:37:26.:37:32.

they endorsed the process. I think it is good to see him now, when he

:37:32.:37:39.

is surrounded by police, and in a safe place.

:37:39.:37:44.

It gives a little closure. What is striking is the courtliness

:37:44.:37:48.

of the courtroom, the way the prosecutors lined up to shake the

:37:48.:37:54.

killer's hand, before listening to his long and detailed account.

:37:54.:38:00.

He wanted to behead the former Prime Minister, leaving the island.

:38:00.:38:06.

He was explaining why he even killed those under 16 years,

:38:06.:38:10.

because they also were a part of the brain-washing camp of the

:38:10.:38:15.

Labour Party. He had so many things to explain, and it is important for

:38:15.:38:21.

the court, to decide if he's insane or not. Is there not concern that

:38:21.:38:25.

he is getting the platform which he said was his reason for committing

:38:25.:38:32.

the crimes in the first place? we are dealing with here now is a

:38:32.:38:37.

dilemma. How to get the information from the man, that has committed

:38:37.:38:43.

this horrendous crime, and the ideas about it, how long does it

:38:43.:38:48.

take. The court in Oslo says it will take five days. What he means

:38:48.:38:53.

is Norway's court system might be described as liberal, but it isn't

:38:53.:38:57.

niave, they have limited Breivik's statement to five days, in a trial

:38:57.:39:02.

lasting 12 weeks. What's more the cameras have been banned for the

:39:02.:39:07.

statement, they are determined that clips won't bounce around YouTube

:39:08.:39:14.

for all eternity. The world's media have been following the case, news

:39:14.:39:17.

channels filled with hours of the trial, and they will return if they

:39:17.:39:23.

are allowed back in. For Norway this is unusual. They welcomed the

:39:23.:39:28.

cameras because this is a national tragedy, and the nation needs

:39:28.:39:33.

catharsis. They heard Breivik's voice and his justification of the

:39:33.:39:36.

unjustifyable initial low. TRANSLATION: I acknowledge the acts,

:39:36.:39:42.

but I do not plead guilty, I will claim was doing it in self-defence.

:39:42.:39:46.

Elsewhere in Europe judges give short shrift to defendants using a

:39:46.:39:53.

court for a political platform. In the US, the alleged architect of

:39:53.:39:59.

9/11, Khalid Sheikh Mohammed, goesen to trial next month, before

:39:59.:40:05.

a military tribunal, where his rights are limbed so he won't use

:40:05.:40:10.

it. The Scandinavians are growing weary of Anders Behring Breivik.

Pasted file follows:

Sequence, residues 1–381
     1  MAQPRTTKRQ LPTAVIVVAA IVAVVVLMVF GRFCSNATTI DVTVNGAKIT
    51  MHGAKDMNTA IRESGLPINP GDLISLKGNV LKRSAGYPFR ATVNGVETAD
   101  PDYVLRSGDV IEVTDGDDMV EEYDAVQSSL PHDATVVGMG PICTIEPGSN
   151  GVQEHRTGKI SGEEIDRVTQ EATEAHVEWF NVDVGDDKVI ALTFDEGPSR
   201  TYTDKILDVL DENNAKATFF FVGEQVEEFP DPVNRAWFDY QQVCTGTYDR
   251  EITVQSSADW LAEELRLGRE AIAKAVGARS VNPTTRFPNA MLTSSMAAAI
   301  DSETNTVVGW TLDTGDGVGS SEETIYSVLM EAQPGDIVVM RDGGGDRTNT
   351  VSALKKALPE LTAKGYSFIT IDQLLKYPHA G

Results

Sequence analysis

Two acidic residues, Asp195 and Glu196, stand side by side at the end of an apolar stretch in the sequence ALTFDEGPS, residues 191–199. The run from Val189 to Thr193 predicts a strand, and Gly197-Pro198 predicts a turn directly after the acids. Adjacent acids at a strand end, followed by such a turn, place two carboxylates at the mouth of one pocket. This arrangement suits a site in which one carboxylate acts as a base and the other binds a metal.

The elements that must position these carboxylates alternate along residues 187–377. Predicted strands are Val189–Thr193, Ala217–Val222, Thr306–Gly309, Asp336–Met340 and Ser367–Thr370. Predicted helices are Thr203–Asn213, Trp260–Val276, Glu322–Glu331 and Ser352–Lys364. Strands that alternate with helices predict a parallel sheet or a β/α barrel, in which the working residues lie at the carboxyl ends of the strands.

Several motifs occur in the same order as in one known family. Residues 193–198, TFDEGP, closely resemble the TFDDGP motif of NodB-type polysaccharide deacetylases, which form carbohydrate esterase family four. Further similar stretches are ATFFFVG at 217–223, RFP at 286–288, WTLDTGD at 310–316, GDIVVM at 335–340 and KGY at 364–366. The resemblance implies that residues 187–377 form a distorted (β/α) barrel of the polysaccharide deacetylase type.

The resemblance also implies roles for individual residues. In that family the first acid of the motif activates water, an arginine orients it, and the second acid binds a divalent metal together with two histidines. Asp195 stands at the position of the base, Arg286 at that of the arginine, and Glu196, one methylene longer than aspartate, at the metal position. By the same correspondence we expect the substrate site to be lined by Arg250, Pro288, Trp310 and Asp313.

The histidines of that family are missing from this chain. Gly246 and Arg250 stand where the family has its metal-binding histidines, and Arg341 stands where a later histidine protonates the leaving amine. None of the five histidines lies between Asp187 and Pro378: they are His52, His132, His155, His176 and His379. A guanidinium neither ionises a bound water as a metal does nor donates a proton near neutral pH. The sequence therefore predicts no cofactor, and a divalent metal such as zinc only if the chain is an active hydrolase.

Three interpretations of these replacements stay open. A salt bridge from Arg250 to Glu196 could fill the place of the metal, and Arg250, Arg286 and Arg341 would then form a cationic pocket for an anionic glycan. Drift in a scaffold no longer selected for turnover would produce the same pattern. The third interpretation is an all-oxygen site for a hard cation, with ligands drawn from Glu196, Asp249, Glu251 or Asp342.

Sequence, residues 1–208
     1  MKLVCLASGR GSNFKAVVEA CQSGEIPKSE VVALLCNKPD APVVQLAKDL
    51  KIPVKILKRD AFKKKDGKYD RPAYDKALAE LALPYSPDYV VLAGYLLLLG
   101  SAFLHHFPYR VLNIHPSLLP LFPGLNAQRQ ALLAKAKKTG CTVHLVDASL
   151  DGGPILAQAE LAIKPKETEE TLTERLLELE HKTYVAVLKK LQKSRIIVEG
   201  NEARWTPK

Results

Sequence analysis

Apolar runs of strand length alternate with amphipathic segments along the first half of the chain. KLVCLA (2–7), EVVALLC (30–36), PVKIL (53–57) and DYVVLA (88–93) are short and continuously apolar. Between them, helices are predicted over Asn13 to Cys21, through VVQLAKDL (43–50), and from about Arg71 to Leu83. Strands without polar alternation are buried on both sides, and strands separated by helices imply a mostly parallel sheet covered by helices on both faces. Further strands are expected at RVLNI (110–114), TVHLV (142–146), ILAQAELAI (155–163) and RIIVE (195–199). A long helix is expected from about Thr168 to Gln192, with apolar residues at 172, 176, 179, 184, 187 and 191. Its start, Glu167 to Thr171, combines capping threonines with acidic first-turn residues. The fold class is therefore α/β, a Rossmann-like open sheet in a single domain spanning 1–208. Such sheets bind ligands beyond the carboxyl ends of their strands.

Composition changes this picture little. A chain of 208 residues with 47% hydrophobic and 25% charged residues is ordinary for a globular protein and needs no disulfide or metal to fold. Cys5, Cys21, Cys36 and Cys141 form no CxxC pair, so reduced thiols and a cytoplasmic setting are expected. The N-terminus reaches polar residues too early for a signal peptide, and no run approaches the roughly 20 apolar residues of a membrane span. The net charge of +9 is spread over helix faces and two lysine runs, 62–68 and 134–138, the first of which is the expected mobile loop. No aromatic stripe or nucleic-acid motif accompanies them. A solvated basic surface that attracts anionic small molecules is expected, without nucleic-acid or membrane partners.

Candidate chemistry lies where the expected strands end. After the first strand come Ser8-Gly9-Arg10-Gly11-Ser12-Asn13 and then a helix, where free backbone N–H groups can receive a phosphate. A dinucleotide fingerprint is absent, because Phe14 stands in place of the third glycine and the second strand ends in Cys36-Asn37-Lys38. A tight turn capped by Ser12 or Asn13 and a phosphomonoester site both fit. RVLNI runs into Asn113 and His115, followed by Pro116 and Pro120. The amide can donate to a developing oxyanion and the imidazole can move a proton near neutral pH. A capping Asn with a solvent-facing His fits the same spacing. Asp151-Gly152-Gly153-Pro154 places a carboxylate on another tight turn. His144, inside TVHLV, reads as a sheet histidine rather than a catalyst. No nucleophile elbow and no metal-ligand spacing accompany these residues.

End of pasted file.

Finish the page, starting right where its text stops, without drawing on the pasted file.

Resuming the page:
:40:10.:40:15.

think we will see his photo on the front page another week or two. But

:40:15.:40:24.

then I think the appeals from the victims of going to the supermarket

:40:24.:40:31.

without seeing his face on the front pages, can we be free of that,

:40:31.:40:39.

and I think the newspapers will do Brian Friedman, a Guardian writer

:40:39.:40:46.

and author of political thrillers human rights lawyer.

:40:46.:40:50.

I'm wondering if you buy the argument that a nation in grief

:40:50.:40:54.

needs the catharsis that comes with seeing a trial like this? It is

:40:54.:40:58.

hard to speak against the survivors of the attack that say it helps

:40:58.:41:01.

them. That is not the main reason, Norway feels it is their legal

:41:01.:41:04.

system, and they don't want to change it just because of him. They

:41:04.:41:09.

want to plof the system is robust enough, -- prove it is robust

:41:09.:41:14.

enough and they can cope with it. There is an immediate dimension to

:41:14.:41:18.

this, let's say the courts are right to remain open and stick to

:41:18.:41:22.

their principles, it doesn't make it right for the media in Norway

:41:22.:41:26.

and the world, to hand this man a megaphone, to treat his statement

:41:26.:41:31.

as if it is a familiar flet written for a think-tank and people arguing

:41:31.:41:35.

the rights and wrongs of it. It is about the media coverage of this?

:41:35.:41:38.

It feels the courts have been responsible, they won't have

:41:38.:41:41.

cameras on his statement, there is a question about whether you do.

:41:41.:41:44.

Let's say you have made that choice, there is a burden of responsibility

:41:44.:41:52.

on all of those of us around the every nugget, and nuance of his

:41:52.:41:59.

speech, ass if a thinker whose opinions deserve debating, that is

:41:59.:42:06.

-- as if a thinker whose opinions deserve debate is wrong. Do you

:42:06.:42:10.

believe they are feeding this oxygen? I'm a firm believer in open

:42:10.:42:13.

justice. I don't like the way we have been recently going, which is

:42:13.:42:17.

when it comes to terrorism, and things that we really are horrified

:42:18.:42:22.

by, that we seek to deal with things increasingly behind closed

:42:22.:42:27.

doors. I think open justice is an essential element in a democracy. I

:42:27.:42:31.